The Dry Eye Zone

Rebecca's Blog

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Abstract: Do plugs work? Well, we don't really know.

This was a “study of studies”, a review process that analyzed data from ten different clinical trials. The results are surprisingly unhelpful. There’s some indication that plugs did better for symptoms than drops on their own, but otherwise, all the trials were conducted too different to be able to make generalizations about them.

Yet more evidence that we need core outcome sets for dry eye disease, so that studies can be more readily compared with each other!

Br J Ophthalmol. 2018 Oct 18. pii: bjophthalmol-2018-313267. doi: 10.1136/bjophthalmol-2018-313267. [Epub ahead of print]

Punctal occlusion for dry eye syndrome: summary of a Cochrane systematic review.

Ervin AM, Law A, Pucker AD.

Abstract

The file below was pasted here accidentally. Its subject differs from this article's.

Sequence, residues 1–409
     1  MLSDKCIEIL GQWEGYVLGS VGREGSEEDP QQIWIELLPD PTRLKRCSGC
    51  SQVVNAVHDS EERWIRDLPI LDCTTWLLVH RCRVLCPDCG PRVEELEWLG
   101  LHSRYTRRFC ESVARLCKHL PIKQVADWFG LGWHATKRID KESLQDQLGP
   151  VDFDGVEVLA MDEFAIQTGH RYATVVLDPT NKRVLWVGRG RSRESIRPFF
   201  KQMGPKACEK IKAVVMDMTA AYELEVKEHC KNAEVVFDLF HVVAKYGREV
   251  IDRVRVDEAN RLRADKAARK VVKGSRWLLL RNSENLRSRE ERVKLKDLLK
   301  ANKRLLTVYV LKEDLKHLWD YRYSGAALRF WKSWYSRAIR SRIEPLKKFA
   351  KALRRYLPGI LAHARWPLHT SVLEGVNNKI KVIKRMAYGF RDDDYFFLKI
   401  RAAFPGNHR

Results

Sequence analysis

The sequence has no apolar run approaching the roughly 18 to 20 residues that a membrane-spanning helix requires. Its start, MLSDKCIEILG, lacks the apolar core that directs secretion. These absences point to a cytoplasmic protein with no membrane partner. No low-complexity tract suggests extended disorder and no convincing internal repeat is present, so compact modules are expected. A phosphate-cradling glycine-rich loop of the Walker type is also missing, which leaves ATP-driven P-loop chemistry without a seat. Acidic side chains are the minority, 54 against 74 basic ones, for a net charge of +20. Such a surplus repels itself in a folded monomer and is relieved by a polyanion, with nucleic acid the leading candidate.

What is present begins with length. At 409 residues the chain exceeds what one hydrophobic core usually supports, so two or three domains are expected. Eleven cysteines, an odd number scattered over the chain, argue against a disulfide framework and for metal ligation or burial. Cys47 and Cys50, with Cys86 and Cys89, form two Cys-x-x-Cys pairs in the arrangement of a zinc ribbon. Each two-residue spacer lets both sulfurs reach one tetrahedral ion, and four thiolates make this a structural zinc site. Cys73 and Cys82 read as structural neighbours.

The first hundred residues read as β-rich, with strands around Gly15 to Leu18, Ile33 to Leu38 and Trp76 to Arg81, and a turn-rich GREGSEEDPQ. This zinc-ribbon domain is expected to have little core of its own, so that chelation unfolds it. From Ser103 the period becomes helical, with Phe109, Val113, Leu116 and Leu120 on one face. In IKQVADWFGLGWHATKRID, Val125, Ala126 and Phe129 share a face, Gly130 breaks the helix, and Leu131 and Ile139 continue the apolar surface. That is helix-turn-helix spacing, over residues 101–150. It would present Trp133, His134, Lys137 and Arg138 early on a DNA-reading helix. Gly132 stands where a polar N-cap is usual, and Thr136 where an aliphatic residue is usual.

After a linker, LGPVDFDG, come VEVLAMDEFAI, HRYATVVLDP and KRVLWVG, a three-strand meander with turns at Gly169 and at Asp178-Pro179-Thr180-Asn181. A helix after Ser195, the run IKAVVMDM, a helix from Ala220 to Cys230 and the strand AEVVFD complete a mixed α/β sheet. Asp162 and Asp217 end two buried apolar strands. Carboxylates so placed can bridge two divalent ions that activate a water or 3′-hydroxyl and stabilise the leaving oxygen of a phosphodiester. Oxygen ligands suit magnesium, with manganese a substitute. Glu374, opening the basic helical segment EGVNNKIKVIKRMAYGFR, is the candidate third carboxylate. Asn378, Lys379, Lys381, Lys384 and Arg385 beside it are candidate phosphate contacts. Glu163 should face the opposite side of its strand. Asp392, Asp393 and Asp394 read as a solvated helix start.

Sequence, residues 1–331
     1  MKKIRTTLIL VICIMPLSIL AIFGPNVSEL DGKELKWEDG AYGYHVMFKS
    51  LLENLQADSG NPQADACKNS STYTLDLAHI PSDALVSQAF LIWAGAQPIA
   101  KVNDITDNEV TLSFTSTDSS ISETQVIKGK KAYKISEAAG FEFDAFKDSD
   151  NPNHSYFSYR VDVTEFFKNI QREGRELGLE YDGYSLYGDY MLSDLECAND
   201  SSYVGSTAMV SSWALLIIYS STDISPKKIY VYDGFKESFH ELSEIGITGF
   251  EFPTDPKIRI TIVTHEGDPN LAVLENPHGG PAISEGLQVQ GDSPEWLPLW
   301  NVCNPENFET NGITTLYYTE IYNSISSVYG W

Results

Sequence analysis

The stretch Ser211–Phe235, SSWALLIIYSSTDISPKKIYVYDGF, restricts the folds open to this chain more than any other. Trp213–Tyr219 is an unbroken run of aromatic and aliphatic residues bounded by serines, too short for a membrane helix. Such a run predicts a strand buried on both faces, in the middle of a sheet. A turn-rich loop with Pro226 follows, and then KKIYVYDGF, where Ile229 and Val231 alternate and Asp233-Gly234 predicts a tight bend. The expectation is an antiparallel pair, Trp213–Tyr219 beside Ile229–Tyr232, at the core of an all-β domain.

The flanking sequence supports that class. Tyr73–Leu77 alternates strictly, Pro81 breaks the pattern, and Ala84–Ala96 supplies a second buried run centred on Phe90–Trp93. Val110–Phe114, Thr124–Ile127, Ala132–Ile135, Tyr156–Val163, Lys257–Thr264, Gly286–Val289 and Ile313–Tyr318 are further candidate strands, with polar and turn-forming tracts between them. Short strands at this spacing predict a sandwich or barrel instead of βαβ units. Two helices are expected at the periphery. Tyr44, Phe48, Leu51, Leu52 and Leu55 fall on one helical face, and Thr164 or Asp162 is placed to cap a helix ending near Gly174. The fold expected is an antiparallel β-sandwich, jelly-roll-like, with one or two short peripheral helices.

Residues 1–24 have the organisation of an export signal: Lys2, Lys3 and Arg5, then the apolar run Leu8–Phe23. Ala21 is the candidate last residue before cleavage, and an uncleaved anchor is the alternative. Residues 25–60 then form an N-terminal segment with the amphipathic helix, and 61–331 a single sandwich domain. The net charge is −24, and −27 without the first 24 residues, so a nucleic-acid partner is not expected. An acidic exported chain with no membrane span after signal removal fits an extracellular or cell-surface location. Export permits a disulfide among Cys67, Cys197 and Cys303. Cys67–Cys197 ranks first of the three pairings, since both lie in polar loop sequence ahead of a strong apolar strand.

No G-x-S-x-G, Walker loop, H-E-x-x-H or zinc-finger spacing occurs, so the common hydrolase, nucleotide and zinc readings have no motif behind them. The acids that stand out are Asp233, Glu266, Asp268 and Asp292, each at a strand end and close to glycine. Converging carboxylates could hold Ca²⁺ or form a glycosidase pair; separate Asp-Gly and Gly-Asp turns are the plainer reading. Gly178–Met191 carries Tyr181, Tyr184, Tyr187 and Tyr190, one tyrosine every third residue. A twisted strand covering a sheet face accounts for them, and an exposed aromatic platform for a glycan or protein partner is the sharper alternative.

Dry eye disease is a disorder of the tear film associated with ocular signs and symptoms. Punctal occlusion aids the preservation of natural tears. We conducted a Cochrane systematic review to assess the effectiveness of punctal plugs for managing dry eye. Randomised and quasi-randomised trials were included. The primary outcome was symptomatic improvement (SI) at 2-12 months. Nine databases were searched with no date or language restrictions. Two authors assessed trial quality and extracted data. Summary risk ratios and mean differences were calculated. Ten trials were included. In two trials of punctal plugs versus observation, there was less dryness with punctal plugs. The mean difference (MD) in the dry eye symptom score at 2 months was -28.20 points (95% CI -33.61 to -22.79, range 0 to 105, one trial). Three trials compared punctal plugs with artificial tears. In a pooled analysis of two trials, punctal plug participants reported more SI at 3 months than artificial tear participants (MD -4.20 points, 95%  CI -5.87 to -2.53, scales varied from 0 to 6). In the remaining five trials comparing punctal plug placement, acrylic and silicone plugs, or comparing plugs with cyclosporine or pilocarpine, none of the investigators reported a clinically or statistically meaningful difference in symptomatic improvement at 2-12 months. The effectiveness of punctal plugs for treating dry eye symptoms and common signs are inconclusive. Heterogeneity in the type of punctal plug, type and severity of dry eye being treated, and trial methodology confounds the ability to make decisive statements regarding the effectiveness of punctal plugs.